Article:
Increased Graduation Rate at Cincinnati Schools Proves Improvement is Possible

Written by Patricia Hawke for

The recent news that the graduation rate from Cincinnati schools has increased from 51 percent to 79 percent is beyond simply very encouraging. The fact that this increase in the number of graduates from Cincinnati schools has come during a time when the academic expectations for students have increased makes this accomplishment even more impressive and potentially a model for any large school district to study.
No Gap Between Graduation Rates for African-American and White Students
The news item made a point of mentioning that the gap between graduation rates for African-American and white students had been closed. While ideally one would wish that such a statistic would not be necessary to reveal, the reality is graduation gaps between ethnicities are a major challenge among larger school districts and Cincinnati Schools are to be applauded for the effort and success of closing this gap while raising the overall standards and expectations of students.
Cincinnati Schools Did Their Homework to Make a Plan for Success
In hindsight, the preparation for this day began when administrators of Cincinnati schools studied the policies and procedures that were working on other jurisdictions with higher graduation rates for high school students. Administration assessed what could be taken and implemented to their school district and schools and set an ambitious goal - to increase the high school graduation rate to 75 percent and to close the gap between white and nonwhite students. More importantly, they devised a plan to reach that goal.
Other Districts Can Learn from the Success Achieved in Cincinnati Schools
This lesson in goal setting that worked so well for Cincinnati schools can be applied to other jurisdictions where the graduation rate for high school students remains a concern. The fact that the Cincinnati schools were successful in reaching their goal means that improvement is not only possible and achievable; it should be demanded by the public.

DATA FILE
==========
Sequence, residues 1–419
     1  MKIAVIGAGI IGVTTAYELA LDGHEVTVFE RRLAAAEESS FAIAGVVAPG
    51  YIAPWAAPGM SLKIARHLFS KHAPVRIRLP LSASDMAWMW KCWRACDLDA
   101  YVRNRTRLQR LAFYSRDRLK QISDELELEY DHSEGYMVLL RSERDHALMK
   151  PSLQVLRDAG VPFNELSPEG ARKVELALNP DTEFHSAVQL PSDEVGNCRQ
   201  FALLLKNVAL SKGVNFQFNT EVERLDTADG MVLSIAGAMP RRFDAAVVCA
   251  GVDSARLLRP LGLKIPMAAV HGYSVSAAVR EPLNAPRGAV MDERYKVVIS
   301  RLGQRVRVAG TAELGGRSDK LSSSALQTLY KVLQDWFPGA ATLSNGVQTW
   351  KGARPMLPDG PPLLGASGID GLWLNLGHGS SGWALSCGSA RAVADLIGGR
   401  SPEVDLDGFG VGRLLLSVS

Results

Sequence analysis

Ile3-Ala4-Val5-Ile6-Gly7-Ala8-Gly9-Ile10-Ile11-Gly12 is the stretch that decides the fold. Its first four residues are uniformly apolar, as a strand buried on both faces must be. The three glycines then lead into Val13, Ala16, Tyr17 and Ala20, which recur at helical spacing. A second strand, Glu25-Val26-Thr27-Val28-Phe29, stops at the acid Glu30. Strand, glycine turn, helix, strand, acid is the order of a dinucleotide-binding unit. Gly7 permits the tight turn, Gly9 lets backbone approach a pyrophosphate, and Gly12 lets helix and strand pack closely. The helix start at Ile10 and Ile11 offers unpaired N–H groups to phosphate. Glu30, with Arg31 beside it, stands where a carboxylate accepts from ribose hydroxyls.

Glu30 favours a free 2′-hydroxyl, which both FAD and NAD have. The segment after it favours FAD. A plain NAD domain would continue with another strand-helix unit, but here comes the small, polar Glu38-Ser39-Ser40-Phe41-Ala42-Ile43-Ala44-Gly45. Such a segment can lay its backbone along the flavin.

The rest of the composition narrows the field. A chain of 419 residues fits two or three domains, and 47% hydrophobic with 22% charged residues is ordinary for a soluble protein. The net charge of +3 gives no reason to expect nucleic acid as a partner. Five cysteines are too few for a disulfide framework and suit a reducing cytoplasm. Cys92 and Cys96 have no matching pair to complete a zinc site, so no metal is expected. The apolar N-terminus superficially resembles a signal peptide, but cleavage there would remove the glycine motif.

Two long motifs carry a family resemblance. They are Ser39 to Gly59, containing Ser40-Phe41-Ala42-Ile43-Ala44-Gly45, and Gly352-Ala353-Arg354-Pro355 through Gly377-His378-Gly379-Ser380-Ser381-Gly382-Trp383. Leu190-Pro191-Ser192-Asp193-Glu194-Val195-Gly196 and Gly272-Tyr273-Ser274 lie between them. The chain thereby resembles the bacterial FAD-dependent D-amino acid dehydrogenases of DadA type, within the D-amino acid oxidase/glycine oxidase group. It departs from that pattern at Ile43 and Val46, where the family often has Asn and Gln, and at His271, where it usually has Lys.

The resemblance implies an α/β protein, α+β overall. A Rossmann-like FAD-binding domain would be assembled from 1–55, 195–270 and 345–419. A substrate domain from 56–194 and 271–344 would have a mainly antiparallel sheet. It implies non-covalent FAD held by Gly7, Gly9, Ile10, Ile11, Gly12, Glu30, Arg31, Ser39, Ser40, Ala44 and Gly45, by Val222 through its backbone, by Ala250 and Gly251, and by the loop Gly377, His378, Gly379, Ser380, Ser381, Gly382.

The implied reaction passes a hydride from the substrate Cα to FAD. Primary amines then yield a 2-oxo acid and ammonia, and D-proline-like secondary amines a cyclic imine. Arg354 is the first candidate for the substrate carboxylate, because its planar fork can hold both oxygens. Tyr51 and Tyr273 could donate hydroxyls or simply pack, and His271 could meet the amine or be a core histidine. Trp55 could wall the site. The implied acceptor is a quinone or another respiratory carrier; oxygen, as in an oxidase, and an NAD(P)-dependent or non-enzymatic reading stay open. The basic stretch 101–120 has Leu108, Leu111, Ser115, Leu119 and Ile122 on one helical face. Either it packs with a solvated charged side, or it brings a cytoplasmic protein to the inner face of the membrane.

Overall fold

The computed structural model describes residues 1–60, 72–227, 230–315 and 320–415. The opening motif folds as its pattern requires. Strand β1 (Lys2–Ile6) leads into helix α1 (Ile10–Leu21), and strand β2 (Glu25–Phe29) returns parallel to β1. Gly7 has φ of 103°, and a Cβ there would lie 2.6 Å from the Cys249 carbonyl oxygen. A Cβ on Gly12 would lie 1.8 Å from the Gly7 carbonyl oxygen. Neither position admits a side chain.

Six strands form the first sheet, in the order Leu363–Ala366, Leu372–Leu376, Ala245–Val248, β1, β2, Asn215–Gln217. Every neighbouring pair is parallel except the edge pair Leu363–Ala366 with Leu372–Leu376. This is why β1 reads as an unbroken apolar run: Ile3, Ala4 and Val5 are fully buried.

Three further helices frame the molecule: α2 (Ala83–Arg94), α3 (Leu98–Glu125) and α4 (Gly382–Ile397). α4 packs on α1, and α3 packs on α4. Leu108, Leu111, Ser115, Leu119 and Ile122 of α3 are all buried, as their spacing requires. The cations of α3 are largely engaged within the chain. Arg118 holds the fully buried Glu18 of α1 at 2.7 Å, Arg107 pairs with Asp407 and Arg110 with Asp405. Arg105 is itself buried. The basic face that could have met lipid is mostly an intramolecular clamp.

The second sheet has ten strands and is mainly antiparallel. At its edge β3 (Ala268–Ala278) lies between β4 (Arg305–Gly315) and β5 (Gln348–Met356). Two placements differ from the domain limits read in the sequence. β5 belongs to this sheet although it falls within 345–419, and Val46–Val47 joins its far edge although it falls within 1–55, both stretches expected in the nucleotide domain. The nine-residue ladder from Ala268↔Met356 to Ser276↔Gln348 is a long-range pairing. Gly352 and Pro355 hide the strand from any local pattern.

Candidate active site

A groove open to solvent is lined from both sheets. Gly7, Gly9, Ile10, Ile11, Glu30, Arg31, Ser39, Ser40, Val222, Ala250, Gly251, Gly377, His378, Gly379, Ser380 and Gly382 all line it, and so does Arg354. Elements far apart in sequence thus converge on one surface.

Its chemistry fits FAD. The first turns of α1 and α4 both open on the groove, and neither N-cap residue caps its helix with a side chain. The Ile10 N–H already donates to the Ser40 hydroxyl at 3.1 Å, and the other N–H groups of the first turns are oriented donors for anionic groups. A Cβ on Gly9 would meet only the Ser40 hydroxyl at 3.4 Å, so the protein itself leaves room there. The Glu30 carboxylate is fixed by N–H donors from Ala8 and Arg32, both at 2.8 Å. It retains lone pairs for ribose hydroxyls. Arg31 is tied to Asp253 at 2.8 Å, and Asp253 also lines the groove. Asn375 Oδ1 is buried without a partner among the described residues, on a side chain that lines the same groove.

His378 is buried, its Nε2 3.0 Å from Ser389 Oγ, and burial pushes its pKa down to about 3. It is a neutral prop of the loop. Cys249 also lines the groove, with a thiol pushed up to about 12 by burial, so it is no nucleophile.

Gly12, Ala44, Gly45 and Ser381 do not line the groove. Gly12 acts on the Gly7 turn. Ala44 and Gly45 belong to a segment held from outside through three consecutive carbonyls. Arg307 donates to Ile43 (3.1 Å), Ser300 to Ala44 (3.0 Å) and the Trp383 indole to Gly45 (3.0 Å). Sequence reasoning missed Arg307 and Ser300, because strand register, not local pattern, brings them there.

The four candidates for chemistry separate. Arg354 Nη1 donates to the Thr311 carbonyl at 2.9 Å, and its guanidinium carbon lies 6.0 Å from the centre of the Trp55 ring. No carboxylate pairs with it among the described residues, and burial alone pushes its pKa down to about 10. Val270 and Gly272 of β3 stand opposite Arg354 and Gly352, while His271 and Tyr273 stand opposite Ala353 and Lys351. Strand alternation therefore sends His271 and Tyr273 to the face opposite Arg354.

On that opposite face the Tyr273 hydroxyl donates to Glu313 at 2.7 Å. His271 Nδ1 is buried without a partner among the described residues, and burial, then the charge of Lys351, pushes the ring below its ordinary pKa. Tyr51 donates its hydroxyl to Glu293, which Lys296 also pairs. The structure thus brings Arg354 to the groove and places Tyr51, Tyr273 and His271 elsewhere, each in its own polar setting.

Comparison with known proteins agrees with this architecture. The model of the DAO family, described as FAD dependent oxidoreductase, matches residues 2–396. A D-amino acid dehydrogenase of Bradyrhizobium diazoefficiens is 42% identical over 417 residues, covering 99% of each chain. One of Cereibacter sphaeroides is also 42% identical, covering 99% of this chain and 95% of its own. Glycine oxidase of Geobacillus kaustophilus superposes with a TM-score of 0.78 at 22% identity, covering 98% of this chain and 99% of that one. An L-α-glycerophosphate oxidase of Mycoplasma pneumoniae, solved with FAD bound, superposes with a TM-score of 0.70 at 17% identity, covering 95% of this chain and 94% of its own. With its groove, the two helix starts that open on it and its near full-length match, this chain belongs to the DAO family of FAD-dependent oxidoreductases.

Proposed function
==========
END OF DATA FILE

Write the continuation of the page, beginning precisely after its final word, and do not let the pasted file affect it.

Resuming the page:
The best way to be successful in school district goal setting is to find a jurisdiction that has obtained the results an aspiring school district aspires to and adopting the policies and procedures that got the results for the model jurisdiction. This seems simple enough. The difficulty is for school district leaders to mire through the agendas and personalities of school board members while working within limited budgets provided by the state.
Cincinnati adopted policies and procedures that emphasized the drastic life differences between graduates and non graduates. They have successfully reached potential drop outs by demonstrating that a young person who leaves high school before graduating may not realize at that time that their decision will significantly decrease their quality of life for years to come. Taking this step effectively closes most doors toward increasing their education later or selecting a career that is fulfilling and financially rewarding.
We all have a responsibility to the next generation to try to give them the tools they need for success. One basic tool is a high school diploma. The increased graduation rates at Cincinnati schools means that more young people will have a better chance of being productive, contributing members of our society.
A big congratulations to the administrators, staff, and students at Cincinnati schools for the excellent progress. Now is not the time to rest on your laurels, though - there is still room for improvement in the graduation rates.
Patricia Hawke is a staff writer for Schools K-12, providing free, in-depth reports on all U.S. public and private K-12 schools. For more information please visit <a target="_new" href="">Cincinnati Public Schools</a>.